Growing Forward - Alberta Catholic School Trustees` Association

Growing Forward
2014 Catholic Education
Faith Infused Curriculum
Faith Infused Curriculum
 Must differentiate between faith permeated content (important) and faith
infused curriculum.
 A “spirit of Catholicism" should permeate the entire curriculum.
 Every school, and every educator in the school, ought to be striving "to form
strong and responsible individuals, who are capable of making free and
correct choices," thus preparing young people "to open themselves more
and more to reality, and to form in themselves a clear idea of the meaning
of life" (The Catholic School, 31)
Religion class and theological instruction only a small part of this. The Catholic
school must embody its genuine catholicity even apart from such programs and
projects. It is Catholic because it undertakes to educate the whole child,
addressing the requirements of his or her natural and supernatural perfection.
It is Catholic because it provides an education in the intellectual and moral
virtues. It is Catholic because it prepares for a fully human life at the service of
others and for the life of the world to come. All instruction, therefore, must be
authentically Catholic in content and methodology across the entire program of
Most Rev. Michael Miller
This can be done in two ways:
1. Incorporate in your school a culture or ethos that instills a “love
for wisdom and passion for truth”. Knowledge and understanding
are far more than the accumulation of information. Catholic
schools do far more than convey information to passive students.
They aspire to teach love for wisdom, habituating each student "to
desire learning so much that he or she will delight in becoming a
self-learner.“ We must create critical thinkers who evaluate facts
in light of their faith and values; explore the issues of the day
guided by Catholicism's social doctrine; explore the world of
science and technology with an integration of the ethical and
religions dimensions of life.
2. Faith, Culture and Life
“From the nature of the Catholic school also stems one of the
most significant elements of its educational project: the synthesis
between culture and faith. The endeavor to interweave reason
and faith, which has become the heart of individual subjects,
makes for unity, articulation, and coordination, bringing forth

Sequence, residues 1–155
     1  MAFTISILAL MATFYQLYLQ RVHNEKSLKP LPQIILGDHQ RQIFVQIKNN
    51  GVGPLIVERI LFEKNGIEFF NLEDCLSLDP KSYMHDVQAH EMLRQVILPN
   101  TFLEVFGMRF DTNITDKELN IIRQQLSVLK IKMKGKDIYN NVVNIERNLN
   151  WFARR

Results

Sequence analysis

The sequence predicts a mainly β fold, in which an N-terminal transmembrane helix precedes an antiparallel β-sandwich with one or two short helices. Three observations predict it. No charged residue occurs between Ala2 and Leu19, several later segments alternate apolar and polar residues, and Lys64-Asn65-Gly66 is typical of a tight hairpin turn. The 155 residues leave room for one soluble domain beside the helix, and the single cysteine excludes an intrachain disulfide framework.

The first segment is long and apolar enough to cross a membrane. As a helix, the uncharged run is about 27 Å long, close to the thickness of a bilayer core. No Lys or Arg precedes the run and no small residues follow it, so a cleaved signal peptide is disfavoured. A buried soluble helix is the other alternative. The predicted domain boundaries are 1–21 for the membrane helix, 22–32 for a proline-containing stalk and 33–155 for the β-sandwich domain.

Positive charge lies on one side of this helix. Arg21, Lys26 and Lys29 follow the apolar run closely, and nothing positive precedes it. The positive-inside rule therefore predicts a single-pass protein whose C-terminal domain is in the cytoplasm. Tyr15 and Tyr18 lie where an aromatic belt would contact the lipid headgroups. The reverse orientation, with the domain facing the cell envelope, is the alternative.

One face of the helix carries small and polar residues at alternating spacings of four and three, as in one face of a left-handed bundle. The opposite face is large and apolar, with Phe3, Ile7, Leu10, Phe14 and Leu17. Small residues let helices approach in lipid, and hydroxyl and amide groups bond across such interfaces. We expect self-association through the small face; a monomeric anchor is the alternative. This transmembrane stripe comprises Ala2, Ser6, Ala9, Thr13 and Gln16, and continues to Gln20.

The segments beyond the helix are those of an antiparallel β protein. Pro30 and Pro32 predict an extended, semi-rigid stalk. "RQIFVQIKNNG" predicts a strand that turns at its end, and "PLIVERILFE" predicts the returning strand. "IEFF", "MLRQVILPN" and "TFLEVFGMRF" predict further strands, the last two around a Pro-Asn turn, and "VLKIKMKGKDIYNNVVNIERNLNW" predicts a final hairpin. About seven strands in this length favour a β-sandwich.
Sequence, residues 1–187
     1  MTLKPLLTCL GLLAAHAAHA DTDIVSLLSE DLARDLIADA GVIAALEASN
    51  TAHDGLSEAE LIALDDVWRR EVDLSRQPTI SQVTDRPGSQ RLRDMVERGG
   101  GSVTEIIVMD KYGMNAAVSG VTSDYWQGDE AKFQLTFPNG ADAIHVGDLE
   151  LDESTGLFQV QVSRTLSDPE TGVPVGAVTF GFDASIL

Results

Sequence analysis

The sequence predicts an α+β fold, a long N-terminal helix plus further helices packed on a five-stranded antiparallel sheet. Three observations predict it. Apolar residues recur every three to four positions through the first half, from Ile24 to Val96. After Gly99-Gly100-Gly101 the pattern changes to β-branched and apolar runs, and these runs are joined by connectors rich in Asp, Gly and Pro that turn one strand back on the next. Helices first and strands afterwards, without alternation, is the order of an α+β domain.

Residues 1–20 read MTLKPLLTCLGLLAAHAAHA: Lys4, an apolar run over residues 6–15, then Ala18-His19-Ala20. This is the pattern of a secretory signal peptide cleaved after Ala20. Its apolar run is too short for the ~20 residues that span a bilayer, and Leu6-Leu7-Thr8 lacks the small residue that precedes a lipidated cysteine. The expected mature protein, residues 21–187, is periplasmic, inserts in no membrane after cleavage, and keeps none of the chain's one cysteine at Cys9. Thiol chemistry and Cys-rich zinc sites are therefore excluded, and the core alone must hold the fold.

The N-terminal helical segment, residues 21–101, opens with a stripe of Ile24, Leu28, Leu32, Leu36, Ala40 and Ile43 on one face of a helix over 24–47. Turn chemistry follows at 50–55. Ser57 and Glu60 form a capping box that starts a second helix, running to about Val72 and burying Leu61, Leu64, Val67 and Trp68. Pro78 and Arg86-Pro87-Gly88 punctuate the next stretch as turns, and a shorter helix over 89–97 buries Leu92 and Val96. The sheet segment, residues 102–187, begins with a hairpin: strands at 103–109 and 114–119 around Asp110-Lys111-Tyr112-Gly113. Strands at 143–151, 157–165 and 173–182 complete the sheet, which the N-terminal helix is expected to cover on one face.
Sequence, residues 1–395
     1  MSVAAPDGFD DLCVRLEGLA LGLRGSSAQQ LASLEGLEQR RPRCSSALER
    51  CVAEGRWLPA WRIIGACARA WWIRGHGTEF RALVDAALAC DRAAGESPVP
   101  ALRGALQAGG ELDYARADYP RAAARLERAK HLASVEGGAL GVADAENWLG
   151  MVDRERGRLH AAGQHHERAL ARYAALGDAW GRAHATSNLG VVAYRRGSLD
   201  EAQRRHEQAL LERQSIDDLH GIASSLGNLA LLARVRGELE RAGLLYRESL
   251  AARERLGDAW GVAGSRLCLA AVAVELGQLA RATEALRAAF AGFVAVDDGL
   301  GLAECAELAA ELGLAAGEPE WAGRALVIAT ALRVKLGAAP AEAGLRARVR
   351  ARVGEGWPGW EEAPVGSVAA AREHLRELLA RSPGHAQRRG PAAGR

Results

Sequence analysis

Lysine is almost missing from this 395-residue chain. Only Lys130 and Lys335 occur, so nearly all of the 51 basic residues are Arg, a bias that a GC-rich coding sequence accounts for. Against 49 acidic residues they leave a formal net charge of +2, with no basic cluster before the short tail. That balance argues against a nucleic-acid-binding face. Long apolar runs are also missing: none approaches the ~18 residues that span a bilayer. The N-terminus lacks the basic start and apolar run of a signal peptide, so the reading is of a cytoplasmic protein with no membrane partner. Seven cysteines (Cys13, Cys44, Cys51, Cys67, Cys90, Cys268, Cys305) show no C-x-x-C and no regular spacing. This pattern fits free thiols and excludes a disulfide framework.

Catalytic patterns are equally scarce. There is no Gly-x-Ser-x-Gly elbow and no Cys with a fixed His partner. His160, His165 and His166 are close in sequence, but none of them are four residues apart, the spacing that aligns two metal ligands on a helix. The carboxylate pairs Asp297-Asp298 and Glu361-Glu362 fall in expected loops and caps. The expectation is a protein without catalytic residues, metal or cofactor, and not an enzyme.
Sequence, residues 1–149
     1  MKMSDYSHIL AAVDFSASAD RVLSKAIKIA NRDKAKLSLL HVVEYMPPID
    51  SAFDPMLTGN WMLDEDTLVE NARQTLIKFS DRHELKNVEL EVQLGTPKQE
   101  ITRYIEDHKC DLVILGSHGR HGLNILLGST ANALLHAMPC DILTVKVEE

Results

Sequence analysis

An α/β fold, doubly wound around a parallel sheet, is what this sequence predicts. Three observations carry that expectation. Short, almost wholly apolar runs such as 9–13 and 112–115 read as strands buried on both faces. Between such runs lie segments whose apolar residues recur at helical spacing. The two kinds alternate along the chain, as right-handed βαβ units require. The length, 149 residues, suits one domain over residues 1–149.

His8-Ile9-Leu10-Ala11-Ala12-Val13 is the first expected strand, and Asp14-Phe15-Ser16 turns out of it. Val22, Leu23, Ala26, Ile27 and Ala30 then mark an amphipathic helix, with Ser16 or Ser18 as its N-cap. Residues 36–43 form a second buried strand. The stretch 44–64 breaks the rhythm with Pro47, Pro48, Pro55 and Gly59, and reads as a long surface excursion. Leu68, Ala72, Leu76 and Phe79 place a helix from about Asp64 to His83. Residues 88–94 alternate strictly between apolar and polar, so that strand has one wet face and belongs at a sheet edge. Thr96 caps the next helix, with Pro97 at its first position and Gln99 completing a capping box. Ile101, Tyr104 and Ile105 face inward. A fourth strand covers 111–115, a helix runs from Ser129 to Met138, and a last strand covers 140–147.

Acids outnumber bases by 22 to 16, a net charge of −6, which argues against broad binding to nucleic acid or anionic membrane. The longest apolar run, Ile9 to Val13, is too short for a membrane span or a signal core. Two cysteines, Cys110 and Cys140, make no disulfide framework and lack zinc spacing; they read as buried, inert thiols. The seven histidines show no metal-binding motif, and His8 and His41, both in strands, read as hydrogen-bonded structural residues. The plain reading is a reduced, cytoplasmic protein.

within what is learned in a school a Christian vision of the world,
of life, of culture, and of history. “
The Catholic School on the Threshold of the Third Millennium
Schools form students within their own culture, teaching them an
appreciation of its positive elements and fostering a more
profound integration of the Gospel in their particular situation.
Faith and culture are intimately related, and students should be
led, in ways suitable to the level of their intellectual development,
to grasp the importance of this relationship.
 It is in this faith – life - culture context that incorporates the integration of
the Gospel, that religious instruction and religious education courses
provide the students with a basis and foundation.
 “A primary way of helping Catholic students become more committed to
their faith is by providing solid religious instruction. To be sure, "education
in the faith is a part of the finality of a Catholic school." For young Catholics,
such instruction embraces both teaching the truths of the faith and
fostering its practice. Still, we must always take special care to avoid the
error that a Catholic school's distinctiveness rests solely on the shoulders of
its religious-education program. Such a position would foster the
misunderstanding that faith and life can be divorced, that religion is a
merely private affair without doctrinal content or moral obligations.”
Challenge #1: Forming teachers to implement a faith infused curriculum
How does teaching “look/sound/feel different” in your school than the public
school across the street? (please – not better or worse –different)
If someone observed a social studies class in a Catholic School and the same
lesson in a Public School, not knowing which school was which, how might they,
by the lesson, identify which school they were in?
What help might a teacher need to take the Alberta curriculum and infuse it
with faith?
Challenge #2: An implementation plan for the division/school for a faith infused
Describe a staff professional development program which would enable and
support staff in implementing a faith infused curriculum (example: grade level,
subject area, whole school).
Who could be used as resources (not necessarily names of people but where
could resources be found)? What structure would this formation have? When
might this take place? How might CLS assist in this? What role, if any, could the
parish play?
Proposed Standards for Faith Infused Curriculum
The curriculum taught in the school reflects the Church’s understanding of the unity of
truth and the harmony between faith and reason.
The school offers a Catholic faith infused curriculum the lessons of which could be
duplicated in a non-Catholic school
The curriculum addresses the spiritual, moral and ethical life of the student, either
explicitly or implicitly.
Teachers are knowledgeable on Church teachings as it applies to the subject areas in
which they teach.
Appropriate funding is allocated and concrete initiatives are in place to assist school in the
theological training of staff.
Teacher meet on a regular basis to discuss methods of infusing faith in their subject areas.
Religious education is a core subject area. Teacher assignments, learner outcomes and
instructional delivery are given the same professional requirements and rigor as all other

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